The US Constitution, on this view - and I daresay it is the view held by a sizable majority in in this country; it is their understanding of their Constitution - derives its legitimacy from popular sovereignty. It derives its legitimacy from the people who are governed thereby, and not because it is thought of as the enactment of some body of universal law given to them – much less given to them by elites who obtained it from on high and can therefore modify it as they receive further revelation.[16] If that be so – again, it seems to me certainly the ordinary understanding of Americans, even including most of our elites – then the invocation of foreign constitutional law, no matter how persuasive its content to a particular judge, is fundamentally at odds with democratic constitutional self government. The citizens of the United States have accepted democratic constitutional arrangements, particularly in the judicial rule of law, that are in many ways deeply counter-majoritarian, but they have done so on the basis of an argument from popular sovereignty. The formal acceptance of constitutional legal materials from outside that system is, to say the least, inconsistent with the traditional understanding of the compact between the governed and the government.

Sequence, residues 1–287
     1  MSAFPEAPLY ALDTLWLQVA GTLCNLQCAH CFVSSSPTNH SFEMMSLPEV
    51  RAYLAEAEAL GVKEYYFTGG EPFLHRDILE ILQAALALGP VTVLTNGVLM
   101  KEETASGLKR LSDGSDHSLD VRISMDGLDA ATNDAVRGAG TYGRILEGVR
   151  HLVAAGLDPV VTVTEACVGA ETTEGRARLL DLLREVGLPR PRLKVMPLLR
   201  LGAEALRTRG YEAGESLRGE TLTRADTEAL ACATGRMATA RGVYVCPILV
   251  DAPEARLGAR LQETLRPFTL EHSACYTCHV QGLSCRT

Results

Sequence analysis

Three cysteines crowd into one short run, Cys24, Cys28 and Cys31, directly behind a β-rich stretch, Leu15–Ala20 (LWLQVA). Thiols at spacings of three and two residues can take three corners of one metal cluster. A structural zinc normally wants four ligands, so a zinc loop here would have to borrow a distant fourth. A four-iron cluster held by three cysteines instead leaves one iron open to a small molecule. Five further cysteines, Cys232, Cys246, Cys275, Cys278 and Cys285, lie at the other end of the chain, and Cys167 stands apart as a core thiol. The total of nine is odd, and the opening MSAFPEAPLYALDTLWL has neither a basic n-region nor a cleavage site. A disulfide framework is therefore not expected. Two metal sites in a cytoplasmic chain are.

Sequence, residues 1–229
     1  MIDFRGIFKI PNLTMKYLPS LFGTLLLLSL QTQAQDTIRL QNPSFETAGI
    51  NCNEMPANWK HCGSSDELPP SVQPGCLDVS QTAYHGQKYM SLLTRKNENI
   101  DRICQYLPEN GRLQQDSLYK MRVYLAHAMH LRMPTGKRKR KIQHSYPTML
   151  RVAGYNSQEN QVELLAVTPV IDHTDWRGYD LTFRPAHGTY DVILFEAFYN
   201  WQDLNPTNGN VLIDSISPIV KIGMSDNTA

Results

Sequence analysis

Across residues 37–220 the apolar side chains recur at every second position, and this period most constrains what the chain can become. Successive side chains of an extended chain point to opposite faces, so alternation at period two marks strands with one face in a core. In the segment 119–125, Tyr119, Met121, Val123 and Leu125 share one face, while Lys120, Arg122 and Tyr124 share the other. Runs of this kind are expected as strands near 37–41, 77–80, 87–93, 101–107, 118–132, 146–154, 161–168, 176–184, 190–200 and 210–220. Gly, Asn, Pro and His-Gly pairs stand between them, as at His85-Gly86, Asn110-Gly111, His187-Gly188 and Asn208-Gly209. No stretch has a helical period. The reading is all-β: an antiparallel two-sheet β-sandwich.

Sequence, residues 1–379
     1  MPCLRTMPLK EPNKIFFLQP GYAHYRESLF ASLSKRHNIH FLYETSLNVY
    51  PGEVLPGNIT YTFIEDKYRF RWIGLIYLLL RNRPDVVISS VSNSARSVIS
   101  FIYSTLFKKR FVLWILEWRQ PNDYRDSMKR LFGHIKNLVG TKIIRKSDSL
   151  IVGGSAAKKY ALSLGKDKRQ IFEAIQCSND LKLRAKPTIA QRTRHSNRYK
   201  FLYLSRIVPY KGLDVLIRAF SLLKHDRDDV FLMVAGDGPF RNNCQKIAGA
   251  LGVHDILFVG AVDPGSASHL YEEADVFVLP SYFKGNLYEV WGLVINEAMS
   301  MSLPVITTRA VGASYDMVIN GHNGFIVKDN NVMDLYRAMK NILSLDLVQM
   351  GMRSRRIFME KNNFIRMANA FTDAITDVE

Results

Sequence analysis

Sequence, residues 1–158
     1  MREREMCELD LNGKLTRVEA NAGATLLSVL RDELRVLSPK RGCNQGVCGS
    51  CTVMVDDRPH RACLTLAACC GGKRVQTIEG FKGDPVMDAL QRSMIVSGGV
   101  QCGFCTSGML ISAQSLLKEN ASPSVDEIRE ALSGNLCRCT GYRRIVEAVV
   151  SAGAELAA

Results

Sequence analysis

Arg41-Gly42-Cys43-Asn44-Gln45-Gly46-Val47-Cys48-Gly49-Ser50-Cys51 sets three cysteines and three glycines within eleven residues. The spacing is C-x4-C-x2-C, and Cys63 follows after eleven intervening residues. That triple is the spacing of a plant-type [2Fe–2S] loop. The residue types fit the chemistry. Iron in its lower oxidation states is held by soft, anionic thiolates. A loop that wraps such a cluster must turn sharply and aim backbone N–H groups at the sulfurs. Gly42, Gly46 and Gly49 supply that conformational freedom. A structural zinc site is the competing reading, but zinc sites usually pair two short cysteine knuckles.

Yes, of course, such measures could gradually be introduced by judges whose constitutional philosophy is something other than democratic self-government; if Justice Breyer and four other justices were to do so over time, revolt would not ensue. But it would not be consistent with the legitimacy and democratic constitutionalism as the United States has understood it. And if the justices and the Federal courts generally were to move along that road in decisional ways, then it would seem to me quite appropriate, in response to that radical and undemocratic change in the US constitutional system, for the Congress to take the equally radical but entirely democratic step of stripping the Federal courts of certain matters by which to preserve the balance of democratic governance which the courts would have misguidedly and highhandedly disturbed.[17]

(Update: Go to notes, post 5, here.)